Lately lots of fun stuff has been happening in my little writer’s world. One of the things that has me nervous is a workshop I’ll be doing for my home writer’s chapter of RWA this coming Sunday. My title is called Redeeming Despicable Characters. The focus of the workshop is actually on how to write likeable characters, or how to turn a really flawed character into someone the reader will like.
I mention how authors (myself included) sometimes get blindsided by our characters and don’t realize how off-putting they are. I’ve quit reading books because I didn’t like the main protagonist. Whenever I begin reading a book I ask myself who these characters are and why should I like them. How about you?
One of the fun things I discovered during my research was that traditional (Universally Accepted) qualities for friends and heroes haven’t really changed. Here’s a list of some of the classics:
Trustworthy, forgiving, loyal, straightforward, enthusiastic, dependable, respectful, selfless, supportive, and inspiring.
Of course most friends aren’t ALL of the above, but a friend possessing several of these qualities is a great friend! When we’re reading, don’t we kind of want the heroine to be someone we could be friends with?
In HER PERFECT PROPOSAL my March Special Edition, Lilly Matsuda is a journalist, raised by tiger parents, and so far in life she has yet to impress them. Now she’s out to make a name for herself by uncovering a big story, come hell or high water. We can’t exactly call her respectful or straightforward since it seems she’ll do almost anything to get her story, but I do manage to show her as enthusiastic and perhaps inspiring with her never-say-die attitude. Hopefully that is enough for the reader to stick with her until Chapter Two. After flaunting a few despicable tendencies, I make sure to show a softer side of her personality. I do this by exposing the extent to which her parents have gone to influence her into becoming what they wanted her to be – a doctor – not caring what she wanted for herself. Hopefully the reader will root for her when they see (by her opening up and proving she can be straightforward) how she’s thumbed her nose at her parents by becoming a journalist. Also, once my hero, Gunnar, hears her story about only wanting a doll for Christmas when she was a kid, a doll with real hair that she could brush, BUT instead getting a clear plastic covered Mr. Human Anatomy science doll, the reader might be more inclined to cut her some slack over being pushy and nosy while uncovering the secret of Heartlandia in the beginning of the book.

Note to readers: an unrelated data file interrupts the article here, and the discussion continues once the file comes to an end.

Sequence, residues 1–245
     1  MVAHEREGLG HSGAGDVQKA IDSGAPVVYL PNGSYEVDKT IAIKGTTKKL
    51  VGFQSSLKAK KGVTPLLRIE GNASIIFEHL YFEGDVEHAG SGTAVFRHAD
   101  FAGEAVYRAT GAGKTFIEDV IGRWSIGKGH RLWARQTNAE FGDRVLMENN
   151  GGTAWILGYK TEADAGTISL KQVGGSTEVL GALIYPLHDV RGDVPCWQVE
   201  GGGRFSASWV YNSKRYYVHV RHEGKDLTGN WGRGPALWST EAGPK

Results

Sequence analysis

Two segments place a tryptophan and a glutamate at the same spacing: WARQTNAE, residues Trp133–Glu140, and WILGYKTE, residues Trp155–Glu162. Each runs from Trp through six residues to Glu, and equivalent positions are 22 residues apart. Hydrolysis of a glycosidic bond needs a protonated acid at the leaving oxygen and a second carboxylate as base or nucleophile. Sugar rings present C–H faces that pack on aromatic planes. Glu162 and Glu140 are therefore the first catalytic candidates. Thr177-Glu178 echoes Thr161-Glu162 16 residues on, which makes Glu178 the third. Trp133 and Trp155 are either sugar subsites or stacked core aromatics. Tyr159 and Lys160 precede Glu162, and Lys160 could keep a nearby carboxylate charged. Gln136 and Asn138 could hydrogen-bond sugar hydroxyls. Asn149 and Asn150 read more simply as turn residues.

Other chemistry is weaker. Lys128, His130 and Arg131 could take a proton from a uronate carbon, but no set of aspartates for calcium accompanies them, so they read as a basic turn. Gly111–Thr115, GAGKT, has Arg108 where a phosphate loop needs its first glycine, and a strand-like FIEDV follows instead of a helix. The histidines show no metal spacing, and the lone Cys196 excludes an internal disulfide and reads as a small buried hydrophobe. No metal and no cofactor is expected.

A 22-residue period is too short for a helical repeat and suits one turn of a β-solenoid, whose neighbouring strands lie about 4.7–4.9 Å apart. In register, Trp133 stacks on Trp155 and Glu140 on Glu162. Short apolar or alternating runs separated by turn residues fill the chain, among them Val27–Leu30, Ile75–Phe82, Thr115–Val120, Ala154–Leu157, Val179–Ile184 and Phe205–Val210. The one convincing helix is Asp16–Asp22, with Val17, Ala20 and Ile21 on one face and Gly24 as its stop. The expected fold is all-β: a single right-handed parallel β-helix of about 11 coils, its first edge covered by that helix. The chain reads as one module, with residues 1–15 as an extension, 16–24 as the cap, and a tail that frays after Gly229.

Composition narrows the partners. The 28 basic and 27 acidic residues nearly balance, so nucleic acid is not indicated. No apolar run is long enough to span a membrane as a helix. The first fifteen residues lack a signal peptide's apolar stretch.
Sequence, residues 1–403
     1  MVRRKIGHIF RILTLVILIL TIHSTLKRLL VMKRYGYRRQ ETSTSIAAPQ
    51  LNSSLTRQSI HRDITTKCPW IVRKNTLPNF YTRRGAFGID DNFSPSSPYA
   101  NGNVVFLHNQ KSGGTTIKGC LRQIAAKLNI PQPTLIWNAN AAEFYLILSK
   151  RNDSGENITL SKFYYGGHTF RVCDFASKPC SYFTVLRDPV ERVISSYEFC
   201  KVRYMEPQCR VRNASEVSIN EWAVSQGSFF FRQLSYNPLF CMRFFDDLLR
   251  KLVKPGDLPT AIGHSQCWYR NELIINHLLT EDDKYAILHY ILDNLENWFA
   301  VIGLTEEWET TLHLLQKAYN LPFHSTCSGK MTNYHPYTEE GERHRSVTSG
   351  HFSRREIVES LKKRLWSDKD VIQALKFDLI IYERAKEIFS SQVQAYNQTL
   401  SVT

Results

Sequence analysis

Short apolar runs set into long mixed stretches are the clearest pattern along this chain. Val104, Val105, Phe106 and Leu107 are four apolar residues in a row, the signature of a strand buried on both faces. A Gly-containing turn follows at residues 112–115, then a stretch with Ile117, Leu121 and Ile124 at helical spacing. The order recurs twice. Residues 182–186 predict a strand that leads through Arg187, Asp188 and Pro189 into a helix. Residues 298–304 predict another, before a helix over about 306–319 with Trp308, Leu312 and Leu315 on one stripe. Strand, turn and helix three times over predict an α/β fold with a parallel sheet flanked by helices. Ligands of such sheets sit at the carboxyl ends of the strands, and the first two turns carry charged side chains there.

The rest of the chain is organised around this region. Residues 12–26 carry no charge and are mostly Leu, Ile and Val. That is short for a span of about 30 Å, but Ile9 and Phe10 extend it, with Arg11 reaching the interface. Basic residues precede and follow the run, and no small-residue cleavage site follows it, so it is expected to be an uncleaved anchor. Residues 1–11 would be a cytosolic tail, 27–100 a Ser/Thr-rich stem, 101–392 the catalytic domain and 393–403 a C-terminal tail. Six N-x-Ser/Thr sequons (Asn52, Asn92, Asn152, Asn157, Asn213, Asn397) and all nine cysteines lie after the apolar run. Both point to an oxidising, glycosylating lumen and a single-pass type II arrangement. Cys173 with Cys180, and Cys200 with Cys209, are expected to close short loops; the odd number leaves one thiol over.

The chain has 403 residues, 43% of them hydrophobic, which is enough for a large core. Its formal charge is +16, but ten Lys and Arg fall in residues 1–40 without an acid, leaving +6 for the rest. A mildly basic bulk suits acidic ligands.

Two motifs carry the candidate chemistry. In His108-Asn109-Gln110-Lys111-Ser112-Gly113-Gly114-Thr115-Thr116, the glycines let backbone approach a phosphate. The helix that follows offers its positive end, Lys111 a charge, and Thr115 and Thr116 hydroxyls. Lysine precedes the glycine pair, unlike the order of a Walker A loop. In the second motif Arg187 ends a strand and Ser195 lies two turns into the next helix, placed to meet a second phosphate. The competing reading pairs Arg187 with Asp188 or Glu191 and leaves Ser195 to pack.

Of course, I was thrilled when Her Perfect Proposal got the March Top Pick for Special Edition from Romantic Times Book Reviews. It was a first for me. Read full review here. Now CataRomance has given the book 5 Stars. Full review here.
What’s the most important qualities for friends for you? or What makes you throw a book against the wall?
Until next time, make it a great one! Lynne